Each brigantine had seven oars to a side, with which all those who were in the boat rowed by turns for their assigned time, without excepting anyone unless it were the captains. The distance by the river that our Spaniards navigated during the two nights and the day was understood to coincide with the district and limits of the province of Guachoya, which as we mentioned above extended down the river. Inasmuch as Guachoya had shown himself to be a friend of the Spaniards, the Indians had not wished to attack them while they were traveling within his territory. Or perhaps it was due to some superstition and observance connected with the crescent or waning moon, which was near its conjunction, such as the Germans had, as Julius Caesar writes in his Commentaries. The exact reason they did not pursue them those first two nights and day is not known.

But on the second day there arrived at dawn a most handsome fleet of more than a thousand canoes, which the curacas of the league had assembled against the Spaniards. Because those of this Rio Grande were the largest and finest that our people saw in the whole of La Florida, it will be well to give here a particular description of them, since from now on we shall have battles on the water to describe, rather than those on land.



In the language of the Indians of the island of Espanola and its vicinity a canoa43 is the same thing as a bark or small caravel without a deck. They call them all by the same name unless it is in the Rio Grande of Cartagena, where, because they are larger, they call them pirogues. The Indians of every part of the New World, particularly in the islands and maritime countries, make them large or small according to the materials they have at hand. They seek the thickest trees they can find, shape them like a trough, and make them all in one piece, because their invention does not extend to making a boat with planks nailed to its ribs, one above the other. Neither do they have iron, nor know how to make nails; much less do they have forges, or understand caulking, or seeking pitch or tow, or making sails, rigging, cables, anchors, and the many other things that are necessary for the construction of ships. They only make use of what nature.(in the things their own ingenuity does not attain) points out to them with her finger. Thus for crossing rivers and navigating the sea, the little that they do navigate it, where they do not f ind timber as large as is required for canoes (that is, throughout El Peru and its coast), they make rafts of a light wood similar to that of fig trees, which the Indians say grows in the provinces near Quito. They take it from there by order of the Incas to all the large rivers of El Peru, and they make the rafts of five logs joined together. The log in the center is longer than the others, the first two on either side are somewhat shorter, and the second two shorter still, for they can go through the water better thus than with the front [of the raft] entirely even. I crossed on some of them that were still in use from the time of the Incas.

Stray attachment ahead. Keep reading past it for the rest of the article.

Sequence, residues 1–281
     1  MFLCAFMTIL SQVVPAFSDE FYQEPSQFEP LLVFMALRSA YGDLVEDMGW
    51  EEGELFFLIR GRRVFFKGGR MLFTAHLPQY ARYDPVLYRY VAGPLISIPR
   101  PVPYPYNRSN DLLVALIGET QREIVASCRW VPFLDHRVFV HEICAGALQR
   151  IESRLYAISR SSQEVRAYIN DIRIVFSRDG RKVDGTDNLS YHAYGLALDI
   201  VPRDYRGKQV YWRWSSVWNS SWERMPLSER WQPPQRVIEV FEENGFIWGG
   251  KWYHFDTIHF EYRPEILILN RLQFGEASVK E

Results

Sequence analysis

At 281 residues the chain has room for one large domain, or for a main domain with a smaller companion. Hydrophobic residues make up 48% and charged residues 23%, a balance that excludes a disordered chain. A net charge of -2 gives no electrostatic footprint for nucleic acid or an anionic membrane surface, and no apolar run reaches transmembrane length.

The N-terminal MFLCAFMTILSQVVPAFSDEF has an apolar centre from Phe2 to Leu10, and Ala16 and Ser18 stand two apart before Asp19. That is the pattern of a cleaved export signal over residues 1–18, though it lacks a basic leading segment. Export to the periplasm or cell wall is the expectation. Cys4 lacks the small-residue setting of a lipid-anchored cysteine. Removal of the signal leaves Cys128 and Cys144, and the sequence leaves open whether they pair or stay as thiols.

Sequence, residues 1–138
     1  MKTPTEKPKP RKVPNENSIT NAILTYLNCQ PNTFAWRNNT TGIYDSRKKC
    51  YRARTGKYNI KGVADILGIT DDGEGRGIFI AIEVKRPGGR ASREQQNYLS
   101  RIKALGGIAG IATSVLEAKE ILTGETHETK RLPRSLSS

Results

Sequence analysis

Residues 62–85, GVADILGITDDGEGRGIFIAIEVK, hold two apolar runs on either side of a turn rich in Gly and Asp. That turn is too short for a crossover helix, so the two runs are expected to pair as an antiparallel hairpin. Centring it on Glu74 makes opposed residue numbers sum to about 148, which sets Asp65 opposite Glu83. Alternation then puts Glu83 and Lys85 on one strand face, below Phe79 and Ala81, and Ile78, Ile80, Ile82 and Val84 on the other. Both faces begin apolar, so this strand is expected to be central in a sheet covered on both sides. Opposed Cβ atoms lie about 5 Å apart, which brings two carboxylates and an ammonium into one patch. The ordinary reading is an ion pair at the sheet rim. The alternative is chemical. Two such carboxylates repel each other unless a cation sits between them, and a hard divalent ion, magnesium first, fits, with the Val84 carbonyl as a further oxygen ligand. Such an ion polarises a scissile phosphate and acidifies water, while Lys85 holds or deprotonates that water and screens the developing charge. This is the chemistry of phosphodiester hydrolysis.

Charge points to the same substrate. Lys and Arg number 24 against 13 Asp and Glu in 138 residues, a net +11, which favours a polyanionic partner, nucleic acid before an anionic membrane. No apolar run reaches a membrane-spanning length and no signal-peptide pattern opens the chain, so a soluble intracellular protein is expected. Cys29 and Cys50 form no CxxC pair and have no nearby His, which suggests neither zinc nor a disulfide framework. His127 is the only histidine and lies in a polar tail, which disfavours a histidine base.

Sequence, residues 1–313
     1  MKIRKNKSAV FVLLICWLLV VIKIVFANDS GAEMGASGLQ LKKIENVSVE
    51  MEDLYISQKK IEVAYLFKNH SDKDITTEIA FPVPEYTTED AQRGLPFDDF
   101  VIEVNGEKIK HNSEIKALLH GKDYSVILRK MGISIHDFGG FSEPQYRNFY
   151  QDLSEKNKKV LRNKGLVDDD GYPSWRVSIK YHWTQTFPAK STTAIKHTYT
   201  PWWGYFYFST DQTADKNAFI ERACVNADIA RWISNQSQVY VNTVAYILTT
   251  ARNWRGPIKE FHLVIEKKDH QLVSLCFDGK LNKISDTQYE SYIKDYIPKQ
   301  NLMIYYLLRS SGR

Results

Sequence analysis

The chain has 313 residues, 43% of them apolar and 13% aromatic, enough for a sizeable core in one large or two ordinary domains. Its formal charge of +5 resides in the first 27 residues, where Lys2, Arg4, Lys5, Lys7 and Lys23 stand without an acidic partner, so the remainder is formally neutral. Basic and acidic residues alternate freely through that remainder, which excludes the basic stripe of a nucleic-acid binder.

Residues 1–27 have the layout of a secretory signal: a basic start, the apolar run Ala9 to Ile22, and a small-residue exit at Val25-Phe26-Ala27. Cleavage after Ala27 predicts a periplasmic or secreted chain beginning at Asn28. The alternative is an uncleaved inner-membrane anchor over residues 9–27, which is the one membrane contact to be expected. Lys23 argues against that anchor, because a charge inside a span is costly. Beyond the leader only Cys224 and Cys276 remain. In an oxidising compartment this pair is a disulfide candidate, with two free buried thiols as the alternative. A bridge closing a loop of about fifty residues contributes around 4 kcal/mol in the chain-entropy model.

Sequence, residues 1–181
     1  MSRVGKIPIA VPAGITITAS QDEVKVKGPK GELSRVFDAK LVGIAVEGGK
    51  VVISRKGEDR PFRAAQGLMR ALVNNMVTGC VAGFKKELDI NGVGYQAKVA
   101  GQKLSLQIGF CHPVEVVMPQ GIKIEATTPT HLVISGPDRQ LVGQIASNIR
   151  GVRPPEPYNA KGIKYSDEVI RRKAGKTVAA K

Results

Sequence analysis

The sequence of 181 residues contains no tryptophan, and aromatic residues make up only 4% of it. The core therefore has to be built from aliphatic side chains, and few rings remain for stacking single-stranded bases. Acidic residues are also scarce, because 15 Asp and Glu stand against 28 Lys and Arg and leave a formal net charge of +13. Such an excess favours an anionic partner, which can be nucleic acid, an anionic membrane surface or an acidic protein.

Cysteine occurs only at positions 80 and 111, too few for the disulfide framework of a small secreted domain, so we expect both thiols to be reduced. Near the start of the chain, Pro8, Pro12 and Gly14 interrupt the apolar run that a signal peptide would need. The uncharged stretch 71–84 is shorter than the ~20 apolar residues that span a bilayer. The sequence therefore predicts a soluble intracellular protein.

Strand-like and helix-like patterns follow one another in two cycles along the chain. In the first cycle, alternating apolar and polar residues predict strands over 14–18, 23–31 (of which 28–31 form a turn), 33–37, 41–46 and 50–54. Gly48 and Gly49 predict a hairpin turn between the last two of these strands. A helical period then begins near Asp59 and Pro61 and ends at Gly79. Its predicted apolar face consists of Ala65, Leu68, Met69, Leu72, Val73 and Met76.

They also make them of a thick bundle of reeds as large as the body of a horse, the bundle being tied very firmly and tapered to a sharp point projecting upward in front like the prow of a bark, so that it will cut the water. In the back it has a breadth of two tercias. On the upper part of the bundle of reeds they make a flat space or small platform where they put the cargo or the man who is to cross over the river. They charge him very strictly that he is by no means to move from the position in which they place him on the raft, secured by its fastenings, nor to raise his head from where it is placed face down on the raft, nor even to open his eyes to look at anything.